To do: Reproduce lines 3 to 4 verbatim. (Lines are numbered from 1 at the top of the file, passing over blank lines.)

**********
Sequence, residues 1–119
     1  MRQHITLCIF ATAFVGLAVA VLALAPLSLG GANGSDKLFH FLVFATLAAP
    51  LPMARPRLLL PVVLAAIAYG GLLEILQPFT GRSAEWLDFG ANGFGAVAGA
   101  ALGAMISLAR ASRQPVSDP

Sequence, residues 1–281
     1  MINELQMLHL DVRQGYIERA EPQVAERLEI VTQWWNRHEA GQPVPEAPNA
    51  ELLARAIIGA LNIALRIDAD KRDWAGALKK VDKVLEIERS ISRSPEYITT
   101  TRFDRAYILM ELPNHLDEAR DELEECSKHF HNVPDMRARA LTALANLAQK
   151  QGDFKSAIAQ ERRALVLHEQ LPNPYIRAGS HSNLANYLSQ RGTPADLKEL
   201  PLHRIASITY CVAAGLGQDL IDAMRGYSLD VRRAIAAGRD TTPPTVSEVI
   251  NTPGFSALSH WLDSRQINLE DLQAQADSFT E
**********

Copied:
    51  LPMARPRLLL PVVLAAIAYG GLLEILQPFT GRSAEWLDFG ANGFGAVAGA
   101  ALGAMISLAR ASRQPVSDP